Lord Rosebery’s antagonism towards any measure of Irish Home Rule increased after John Redmond’s 1898 amendment, calling for an independent Irish Parliament. And he voiced his antipathy to the Irish after the Nationalists had defeated a Bill to provide for a statue to Oliver Cromwell inside the Houses of Parliament at public expense. Rosebery paid for its erection himself, at the entrance to the building, and spoke at its unveiling in November 1899, just as the Boer War was getting under way.
The Liberal Imperialist position against Home Rule was based on several arguments: that the Irish alliance had been abrogated by Redmond; that the resurrection of a Home Rule Bill was futile in the light of Irish Party disunity after the Parnell split; and that the Irish question had been transformed by the Unionist Local Government Bill of 1898. Asquith, Grey and Haldane urged the adoption of an instalment approach to the Home Rule question by the Liberal Party, while Rosebery put forward the view that the disloyalty of the Irish leaders in the Boer War had disqualified the country from Home Rule altogether.
The ranks of the Liberal Imperialist faction in the Liberal Party were greatly swelled during the Boer War. At the “Khaki Election” of 1900 they put forward 56 candidates whose “unimpeachable patriotism” was guaranteed to the electorate by a newly-founded Imperial Liberal Council. But, during the election, the Unionists did not distinguish between Liberal Imperialist and “pro-Boer” Liberal and won a decisive victory by persuading the country that “every seat won by the Liberals was a seat won by the Boers”.
Casement refers to Rosebery’s most significant speech, made at Chesterfield in December 1901, where, along with defending martial law and the British Concentration Camps in South Africa, he called on the Liberal Party to realise the strength it would gain by embracing the Imperialist sentiment of the nation and rejecting as a liability Irish Home Rule and other “fly-blown phylacteries of obsolete policies”. He called for a “clean slate” with regard to Liberal policy on Ireland, one which would involve the wiping away of the Gladstonian pledge to bring in a Home Rule Bill.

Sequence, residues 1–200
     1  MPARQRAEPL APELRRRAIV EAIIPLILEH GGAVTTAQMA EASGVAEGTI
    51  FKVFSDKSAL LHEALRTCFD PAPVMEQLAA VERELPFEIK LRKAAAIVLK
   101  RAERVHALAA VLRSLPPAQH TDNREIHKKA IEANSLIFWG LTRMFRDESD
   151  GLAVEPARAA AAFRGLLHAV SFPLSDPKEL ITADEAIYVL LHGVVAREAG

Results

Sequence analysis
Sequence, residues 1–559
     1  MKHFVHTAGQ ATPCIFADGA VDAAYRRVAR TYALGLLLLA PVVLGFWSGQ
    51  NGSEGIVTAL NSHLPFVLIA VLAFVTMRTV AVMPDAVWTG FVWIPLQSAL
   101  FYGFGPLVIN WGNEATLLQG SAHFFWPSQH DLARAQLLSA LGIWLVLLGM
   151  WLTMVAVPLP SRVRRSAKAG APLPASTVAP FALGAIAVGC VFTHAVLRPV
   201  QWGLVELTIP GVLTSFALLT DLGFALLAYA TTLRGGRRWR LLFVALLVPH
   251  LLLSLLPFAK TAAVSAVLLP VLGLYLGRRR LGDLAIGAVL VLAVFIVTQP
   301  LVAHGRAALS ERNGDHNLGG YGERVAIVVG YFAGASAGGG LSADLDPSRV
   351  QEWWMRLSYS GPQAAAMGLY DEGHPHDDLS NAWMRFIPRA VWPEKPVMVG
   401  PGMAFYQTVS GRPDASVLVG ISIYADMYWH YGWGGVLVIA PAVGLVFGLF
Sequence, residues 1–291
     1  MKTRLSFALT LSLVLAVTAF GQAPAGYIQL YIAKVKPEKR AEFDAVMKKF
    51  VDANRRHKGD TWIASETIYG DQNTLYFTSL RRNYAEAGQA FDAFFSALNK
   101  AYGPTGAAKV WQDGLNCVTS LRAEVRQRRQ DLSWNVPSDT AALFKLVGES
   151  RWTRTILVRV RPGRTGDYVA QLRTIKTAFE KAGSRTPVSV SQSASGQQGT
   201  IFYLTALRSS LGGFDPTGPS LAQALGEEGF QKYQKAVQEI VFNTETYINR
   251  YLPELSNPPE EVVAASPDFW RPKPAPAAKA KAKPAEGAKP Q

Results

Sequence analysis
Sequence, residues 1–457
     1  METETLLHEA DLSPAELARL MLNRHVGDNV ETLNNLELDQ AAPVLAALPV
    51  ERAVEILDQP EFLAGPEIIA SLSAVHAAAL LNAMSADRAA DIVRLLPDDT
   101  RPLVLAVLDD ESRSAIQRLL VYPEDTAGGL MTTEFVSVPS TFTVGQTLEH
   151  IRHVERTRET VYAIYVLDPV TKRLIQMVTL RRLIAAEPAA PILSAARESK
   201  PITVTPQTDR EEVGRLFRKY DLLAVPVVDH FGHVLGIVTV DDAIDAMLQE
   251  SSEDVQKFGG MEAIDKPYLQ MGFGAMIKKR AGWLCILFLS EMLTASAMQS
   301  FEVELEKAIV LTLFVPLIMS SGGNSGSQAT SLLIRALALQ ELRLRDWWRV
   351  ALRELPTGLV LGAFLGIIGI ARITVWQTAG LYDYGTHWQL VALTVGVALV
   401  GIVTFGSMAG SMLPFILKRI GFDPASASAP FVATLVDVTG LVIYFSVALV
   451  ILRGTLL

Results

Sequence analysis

The adaptation of Liberalism to Imperialism as the undisputed medium of historical development in the world was to have the most fundamental implications for the Irish Party. Since the English State was the main agent of progress in the world, the Liberal Party had to be Imperialist in some shape or form if it was going to govern the State—and the world. And the Irish Party began to adjust itself to this development to secure another Home Rule Bill. Redmond the nationalist separatist became Redmond the nationalist Imperialist.
The thrust of British Imperial thinking prior to the Great War was that any remaining small nations were giving way to the Imperial super-state and the whole world was coming under its sway, in an inevitable progression of history. The old “anti- imperialist” Liberalism of the era of Gladstone was being superseded and becoming obsolete. Liberalism was adapting to the new Imperialism by producing an even more vigorous Imperialism than the Social Imperialism of Unionism and reconciling itself to what was seen as the general trend of progress. Even the Gladstonian Liberals now spoke of “constructing the Empire on Liberal principles”.